- Title: Speaking of Apraxia
- Subtitle: A Parents' Guide to Childhood Apraxia of Speech
- Authors: Leslie A. Lindsay, RN, BSN
- Length: 450 pages
- Publisher: Woodbine House
- About the About.com Rating
If you're looking for one resource with pretty much everything you'll need to know about Childhood Apraxia of Speech, Speaking of Apraxia may stop your search. It's written by a parent, so the explanations are accessible, the experience is personal, and the advice is practical and tested in real life.
As a reviewer and a parent, I'm often frustrated by opportunities missed in books on special needs. Lots of good research with no practical application, maybe. A focus on one treatment or therapy or passionate point of view to the exclusion of all others. Solutions that are only available in certain geographical areas or fantasy school districts. Advice that lacks awareness of all the other things families have to do in a day, like eat and sleep and work.
It's hard to fit everything a reader might need between two covers, and my first thought upon picking up Speaking of Apraxia was, so that's why authors don't even try -- you wind up with a 450-page textbook-looking thing, even for a relatively finite topic like Childhood Apraxia of Speech. Despite the enchanting little face on the cover, it's a pretty daunting package.
Fortunately, the insides aren't daunting at all. Written by a parent who's done some research rather than a researcher talking down, the text is accessible and friendly, full of explanations you can understand, experiences you can relate to, and exercises you can start doing right now. The format, reminiscent of "for Dummies"-type books with their subheads and boxes and bullet lists, makes it easy to flip through and find what you're looking for, at whatever stage you child is at, from diagnosis through therapy through IEPs. And if somehow this comprehensive guide doesn't answer all your questions, lists at the end of each chapter point you toward further resources.
Is This Book for You?
It's definitely for you if: you're hungry for information about CAS and can never get enough ... you like books you can flip through to find what you want and then put back on the shelf for future use ... you're looking for a book with a parent's point of view and advice.
It may be for you if: you're wondering if CAS could be the right diagnosis for your child ... your child has a different speech problem, but you're willing to read around CAS-specific information for more general thoughts on speech therapy and living with a speech-challenged kiddo ... you're a teacher or therapist looking to learn more about this topic and how families deal with it.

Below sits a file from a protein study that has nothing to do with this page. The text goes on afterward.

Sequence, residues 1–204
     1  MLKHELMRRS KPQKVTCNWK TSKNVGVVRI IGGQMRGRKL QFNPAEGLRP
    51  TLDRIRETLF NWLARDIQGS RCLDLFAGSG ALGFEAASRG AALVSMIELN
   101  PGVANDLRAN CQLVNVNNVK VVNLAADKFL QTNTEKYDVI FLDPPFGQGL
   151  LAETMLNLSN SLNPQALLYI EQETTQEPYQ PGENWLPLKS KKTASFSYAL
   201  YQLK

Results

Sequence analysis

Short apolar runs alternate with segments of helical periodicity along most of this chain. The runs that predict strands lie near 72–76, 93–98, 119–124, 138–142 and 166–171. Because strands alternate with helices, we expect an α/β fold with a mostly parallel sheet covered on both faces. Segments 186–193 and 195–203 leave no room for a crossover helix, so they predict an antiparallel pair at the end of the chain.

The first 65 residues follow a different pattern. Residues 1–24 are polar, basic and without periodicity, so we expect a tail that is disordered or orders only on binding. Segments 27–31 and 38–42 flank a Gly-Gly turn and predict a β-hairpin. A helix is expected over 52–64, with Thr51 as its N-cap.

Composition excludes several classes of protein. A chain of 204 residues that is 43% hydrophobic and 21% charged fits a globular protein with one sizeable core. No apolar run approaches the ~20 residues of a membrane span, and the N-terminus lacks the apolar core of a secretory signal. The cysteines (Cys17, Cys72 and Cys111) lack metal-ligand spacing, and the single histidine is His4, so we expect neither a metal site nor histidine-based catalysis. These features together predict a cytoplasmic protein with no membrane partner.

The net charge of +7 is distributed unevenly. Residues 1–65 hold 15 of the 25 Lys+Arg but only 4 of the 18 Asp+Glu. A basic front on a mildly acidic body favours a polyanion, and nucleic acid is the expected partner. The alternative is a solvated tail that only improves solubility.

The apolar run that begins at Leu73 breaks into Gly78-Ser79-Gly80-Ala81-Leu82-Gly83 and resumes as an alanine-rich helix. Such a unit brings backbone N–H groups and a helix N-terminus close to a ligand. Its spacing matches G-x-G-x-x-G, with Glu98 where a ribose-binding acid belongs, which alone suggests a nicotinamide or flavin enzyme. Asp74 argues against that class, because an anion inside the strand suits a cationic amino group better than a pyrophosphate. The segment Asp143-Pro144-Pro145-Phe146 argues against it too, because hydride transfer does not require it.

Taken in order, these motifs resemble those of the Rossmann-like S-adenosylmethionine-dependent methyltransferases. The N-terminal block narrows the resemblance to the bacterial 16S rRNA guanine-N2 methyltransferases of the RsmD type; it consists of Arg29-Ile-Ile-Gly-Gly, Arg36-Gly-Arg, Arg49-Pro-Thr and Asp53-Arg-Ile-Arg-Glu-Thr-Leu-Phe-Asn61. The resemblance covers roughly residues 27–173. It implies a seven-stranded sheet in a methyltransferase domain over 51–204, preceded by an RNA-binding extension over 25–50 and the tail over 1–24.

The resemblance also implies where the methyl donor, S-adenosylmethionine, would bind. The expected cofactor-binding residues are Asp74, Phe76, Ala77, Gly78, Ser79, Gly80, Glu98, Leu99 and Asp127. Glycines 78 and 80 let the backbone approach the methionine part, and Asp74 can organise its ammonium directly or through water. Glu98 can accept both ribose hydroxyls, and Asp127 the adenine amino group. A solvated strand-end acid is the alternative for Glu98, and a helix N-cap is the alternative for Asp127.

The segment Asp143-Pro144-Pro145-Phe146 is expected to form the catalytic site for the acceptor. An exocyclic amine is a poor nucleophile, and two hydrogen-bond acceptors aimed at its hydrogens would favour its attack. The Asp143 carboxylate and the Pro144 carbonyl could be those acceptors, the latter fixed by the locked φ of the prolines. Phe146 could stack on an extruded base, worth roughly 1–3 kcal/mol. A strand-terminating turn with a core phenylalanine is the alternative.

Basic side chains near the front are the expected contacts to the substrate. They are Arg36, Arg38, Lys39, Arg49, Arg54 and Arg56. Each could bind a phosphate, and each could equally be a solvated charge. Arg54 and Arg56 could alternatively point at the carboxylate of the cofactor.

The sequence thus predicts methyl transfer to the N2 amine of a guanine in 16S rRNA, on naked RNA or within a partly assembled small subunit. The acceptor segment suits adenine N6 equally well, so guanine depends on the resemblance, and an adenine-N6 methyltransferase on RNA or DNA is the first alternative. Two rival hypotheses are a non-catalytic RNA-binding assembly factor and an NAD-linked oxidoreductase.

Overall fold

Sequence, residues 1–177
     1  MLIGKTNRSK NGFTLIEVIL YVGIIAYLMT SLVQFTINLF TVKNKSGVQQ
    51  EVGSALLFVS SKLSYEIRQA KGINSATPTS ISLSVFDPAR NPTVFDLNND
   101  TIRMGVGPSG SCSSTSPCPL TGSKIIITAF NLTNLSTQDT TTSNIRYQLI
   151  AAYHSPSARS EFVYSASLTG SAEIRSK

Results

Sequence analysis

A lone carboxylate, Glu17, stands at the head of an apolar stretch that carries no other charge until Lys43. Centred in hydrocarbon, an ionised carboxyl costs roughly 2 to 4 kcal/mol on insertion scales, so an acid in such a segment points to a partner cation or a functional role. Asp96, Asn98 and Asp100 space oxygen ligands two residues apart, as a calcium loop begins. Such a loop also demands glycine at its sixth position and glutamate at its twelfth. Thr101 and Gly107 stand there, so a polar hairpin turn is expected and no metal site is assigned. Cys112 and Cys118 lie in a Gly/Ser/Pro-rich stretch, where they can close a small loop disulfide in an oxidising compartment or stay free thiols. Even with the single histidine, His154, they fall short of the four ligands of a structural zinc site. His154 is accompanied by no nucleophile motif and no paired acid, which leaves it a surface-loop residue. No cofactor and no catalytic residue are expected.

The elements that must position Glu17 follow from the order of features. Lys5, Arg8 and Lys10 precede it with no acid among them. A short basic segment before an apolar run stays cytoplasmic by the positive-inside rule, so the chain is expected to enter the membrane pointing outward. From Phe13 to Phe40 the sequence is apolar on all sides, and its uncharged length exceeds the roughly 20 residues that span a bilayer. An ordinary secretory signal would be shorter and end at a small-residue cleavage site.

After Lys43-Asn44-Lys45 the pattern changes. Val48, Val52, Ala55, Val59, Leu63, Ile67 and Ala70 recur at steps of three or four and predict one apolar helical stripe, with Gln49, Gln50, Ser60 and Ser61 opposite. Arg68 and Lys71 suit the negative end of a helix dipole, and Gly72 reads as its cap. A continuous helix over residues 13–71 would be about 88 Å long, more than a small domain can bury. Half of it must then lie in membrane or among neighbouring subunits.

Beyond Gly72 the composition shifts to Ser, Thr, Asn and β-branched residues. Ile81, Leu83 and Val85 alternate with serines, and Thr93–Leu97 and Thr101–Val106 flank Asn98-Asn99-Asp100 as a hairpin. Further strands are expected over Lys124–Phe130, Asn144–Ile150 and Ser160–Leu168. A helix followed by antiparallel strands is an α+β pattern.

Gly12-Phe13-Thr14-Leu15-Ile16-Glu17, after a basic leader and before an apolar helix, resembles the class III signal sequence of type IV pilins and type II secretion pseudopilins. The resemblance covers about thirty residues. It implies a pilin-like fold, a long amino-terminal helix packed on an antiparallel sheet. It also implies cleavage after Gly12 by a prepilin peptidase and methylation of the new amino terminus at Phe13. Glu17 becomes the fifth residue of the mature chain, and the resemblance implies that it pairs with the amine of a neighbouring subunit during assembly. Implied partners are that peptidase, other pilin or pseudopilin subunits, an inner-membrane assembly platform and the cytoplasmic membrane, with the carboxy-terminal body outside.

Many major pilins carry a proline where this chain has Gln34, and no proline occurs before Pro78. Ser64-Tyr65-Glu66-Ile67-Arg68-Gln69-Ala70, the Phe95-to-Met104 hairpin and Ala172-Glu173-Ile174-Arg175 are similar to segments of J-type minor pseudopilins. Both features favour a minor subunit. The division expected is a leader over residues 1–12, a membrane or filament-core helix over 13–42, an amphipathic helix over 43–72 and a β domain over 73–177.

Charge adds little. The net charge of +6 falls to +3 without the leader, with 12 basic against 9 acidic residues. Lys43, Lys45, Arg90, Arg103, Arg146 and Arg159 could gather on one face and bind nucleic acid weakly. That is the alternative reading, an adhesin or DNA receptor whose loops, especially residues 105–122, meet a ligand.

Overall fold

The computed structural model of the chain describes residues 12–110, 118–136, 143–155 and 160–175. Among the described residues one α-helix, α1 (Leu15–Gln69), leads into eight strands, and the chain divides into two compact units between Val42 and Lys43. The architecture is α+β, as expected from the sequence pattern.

It may not be for you if: you're suspicious of a parent's authority to write at exhaustive length about a neurological disorder ... your child does not have CAS and you're looking for information specific to another speech problem ... you'll be bothered by discussions of alternative medicine or wisdom gleaned from online chats.
It's definitely not for you if: you prefer to get your information on speech issues directly from a speech therapist ... your child's issues are not speech-related and you don't have time to spare learning about other special needs ... you like to read books that are a good size to tuck in your purse.
Table of Contents
- Does My Child Have Childhood Apraxia of Speech?
- An Introduction to Speech, Language, and Listening
- When You Suspect Childhood Apraxia of Speech: Where to Go and What to Ask
- At the Speech Clinic: Your First Appointment with a Speech-Language Pathologist
- Getting the Apraxia Diagnosis: Initial Reaction
- So What Caused All of This?! Theories and Medical Diagnoses Related to CAS
- All About Speech Therapy: An Introduction to Theories and Methods Best Suited for Kids with Apraxia
- Fish Oil, Diet, Horses, Music, and More: Complementary and Alternative Medical (CAM) Approaches to Childhood Apraxia of Speech
- What You Can Do at Home: Tapping into Your Inner Speech-Language Pathologist
- An Eye for Design: Creating a Language-Rich Environment at Home and Encouraging Sound Sleep
- Off to School: Preparing Your Child (and Yourself!)
- Phonological Awareness: Learning to Read and Reading to Learn
- CAS Affects Us All: Coping as a Family
- I Am More Than CAS: Tending to Your Child's Feelings
- Resolving Apraxia: Where Do We Go from Here?
- Shaking Your Groove Thing: Networking, Advocating, and Resources
Appendix A: A Guide to the Most-Asked-About Conditions in Relation to CAS
Appendix B: Health Insurance
Appendix C: Summer Speech Camps and Enrichment Programs
Appendix D: Speech and Language Milestones
Appendix E: Research on Reading Difficulties and Speech and Language Disorders
Appendix F: Glossary
Try This Now
The chapter on "What You Can Do at Home" features forty pages of speech activities you can integrate into your family life, from games to toys to talk around the dinner table. Though my article on Five Familiar Games for Sneaky Speech Therapy wasn't written specifically with the needs and challenges of kids with Childhood Apraxia of Speech in mind, it takes a similar approach to making speech drills fun and appealing to kids. You can also find inspiration and tips right now on author Leslie A. Lindsay's blog, Practical Parenting ... With a Twist.